Writing System Dynamics in Discrete Time

In my last post, I introduced the concept of discrete time for digital systems. We discussed difference equations and the z-transform. In this post, we are going to use these ideas to write the standard state space expressions for a system’s dynamics in discrete time. That is, we are going to find the matrices phi, gamma and H for the discrete system dynamics as written below [1]:

Eqn 1
Equation 1

This post is going to be a lot of math so I am going to split it up into parts and walk us through all of it. Let’s go!

Solving for x in the Dynamics

Since our objective is to write the system dynamics in discrete time, it makes sense to start with the known system dynamics in continuous time. We are trying to solve for x in the following system of equations in continuous time [1]:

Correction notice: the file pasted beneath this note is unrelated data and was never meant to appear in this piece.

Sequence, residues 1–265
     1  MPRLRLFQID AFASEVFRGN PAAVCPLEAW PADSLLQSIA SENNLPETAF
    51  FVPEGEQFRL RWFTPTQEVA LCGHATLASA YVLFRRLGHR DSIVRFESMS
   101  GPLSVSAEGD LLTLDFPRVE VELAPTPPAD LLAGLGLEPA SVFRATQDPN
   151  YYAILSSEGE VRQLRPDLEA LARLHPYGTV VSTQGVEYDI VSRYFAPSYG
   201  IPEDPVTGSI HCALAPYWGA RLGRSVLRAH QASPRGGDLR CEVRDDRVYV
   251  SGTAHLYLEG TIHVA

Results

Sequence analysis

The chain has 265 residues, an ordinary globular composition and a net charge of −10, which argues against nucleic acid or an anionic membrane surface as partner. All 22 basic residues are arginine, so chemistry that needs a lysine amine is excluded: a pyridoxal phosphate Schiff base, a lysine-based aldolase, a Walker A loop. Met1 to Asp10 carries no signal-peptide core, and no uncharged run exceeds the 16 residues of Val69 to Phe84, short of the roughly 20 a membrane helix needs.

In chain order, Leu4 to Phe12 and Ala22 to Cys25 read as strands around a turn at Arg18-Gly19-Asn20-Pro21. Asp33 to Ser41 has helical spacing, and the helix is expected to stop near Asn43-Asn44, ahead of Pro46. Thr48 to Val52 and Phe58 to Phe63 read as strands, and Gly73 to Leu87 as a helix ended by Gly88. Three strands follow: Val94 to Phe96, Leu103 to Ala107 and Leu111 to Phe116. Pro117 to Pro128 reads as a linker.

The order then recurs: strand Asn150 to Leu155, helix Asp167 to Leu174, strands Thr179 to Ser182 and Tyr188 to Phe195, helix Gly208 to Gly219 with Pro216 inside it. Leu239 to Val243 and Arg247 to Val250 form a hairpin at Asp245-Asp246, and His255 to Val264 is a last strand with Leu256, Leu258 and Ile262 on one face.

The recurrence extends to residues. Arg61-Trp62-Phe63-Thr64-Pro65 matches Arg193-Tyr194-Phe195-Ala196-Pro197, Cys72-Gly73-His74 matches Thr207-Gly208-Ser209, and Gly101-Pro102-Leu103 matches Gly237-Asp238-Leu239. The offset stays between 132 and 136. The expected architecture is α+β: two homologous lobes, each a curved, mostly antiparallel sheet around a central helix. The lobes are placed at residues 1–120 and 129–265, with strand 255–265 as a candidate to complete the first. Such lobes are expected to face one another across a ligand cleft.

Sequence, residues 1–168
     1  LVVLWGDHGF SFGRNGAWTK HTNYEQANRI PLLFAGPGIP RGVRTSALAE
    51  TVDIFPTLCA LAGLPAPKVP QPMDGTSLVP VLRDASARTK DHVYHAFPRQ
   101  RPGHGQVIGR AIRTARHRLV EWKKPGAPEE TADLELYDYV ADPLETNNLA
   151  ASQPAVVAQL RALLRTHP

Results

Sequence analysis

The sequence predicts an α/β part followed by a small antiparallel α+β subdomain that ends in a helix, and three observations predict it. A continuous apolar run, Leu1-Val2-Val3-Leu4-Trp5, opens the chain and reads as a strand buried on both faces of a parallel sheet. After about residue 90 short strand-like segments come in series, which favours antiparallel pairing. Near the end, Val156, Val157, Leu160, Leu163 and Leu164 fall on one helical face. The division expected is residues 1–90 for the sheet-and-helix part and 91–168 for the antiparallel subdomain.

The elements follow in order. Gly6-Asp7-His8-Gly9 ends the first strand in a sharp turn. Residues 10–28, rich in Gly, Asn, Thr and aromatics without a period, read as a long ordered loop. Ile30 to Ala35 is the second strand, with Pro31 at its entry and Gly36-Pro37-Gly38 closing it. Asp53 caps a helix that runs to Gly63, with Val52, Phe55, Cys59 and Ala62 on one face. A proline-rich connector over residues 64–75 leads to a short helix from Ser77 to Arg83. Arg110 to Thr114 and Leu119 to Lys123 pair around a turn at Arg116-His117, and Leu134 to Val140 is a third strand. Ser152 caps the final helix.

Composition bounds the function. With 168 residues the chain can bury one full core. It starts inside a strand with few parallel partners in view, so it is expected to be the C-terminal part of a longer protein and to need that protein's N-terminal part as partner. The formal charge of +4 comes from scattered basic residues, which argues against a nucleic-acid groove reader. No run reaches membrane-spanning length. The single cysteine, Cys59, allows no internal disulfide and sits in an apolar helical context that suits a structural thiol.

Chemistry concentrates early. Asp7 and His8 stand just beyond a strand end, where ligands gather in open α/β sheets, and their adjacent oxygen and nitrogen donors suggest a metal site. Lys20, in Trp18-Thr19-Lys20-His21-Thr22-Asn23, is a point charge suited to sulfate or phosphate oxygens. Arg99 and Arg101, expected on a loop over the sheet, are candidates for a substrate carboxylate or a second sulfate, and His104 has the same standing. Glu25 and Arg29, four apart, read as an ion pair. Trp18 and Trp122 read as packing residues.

Eqn 2
Equation 2

(The w term contains any disturbances we might see in the system.) We can solve for x in two parts by considering two possible cases: (1) we compute x given initial conditions and assuming that there is no external input, and (2) we also compute x if there is an external input given [1]. Let’s look at each case in turn.

1 - Find x from Initial Conditions, u = 0

Here we begin by assuming that the solution to the dynamics when u = 0 takes the form of some homogeneous equation like so [1]:

Eqn 3
Equation 3

We are also going to assume that the homogeneous equation is smooth enough to be approximated with a series expansion that looks like this [1]:

Eqn 4
Equation 4

If I calculate the derivative of Equation 4, I can substitute it into Equation 3 on the left hand side. This gives me the following [1]:

Eqn 5
Equation 5

Okay, the next step is a little confusing to me, and if someone can explain why the math works this way, I would really appreciate hearing about it. The authors in [1] state that we differentiate Equation 5 again and end up with this [1]:

Eqn 6
Equation 6

Again, I am not sure how we get here, but it turns out that the sequence inside the brackets is a series approximation for a matrix exponential. In other words [1]:

Eqn 7
Equation 7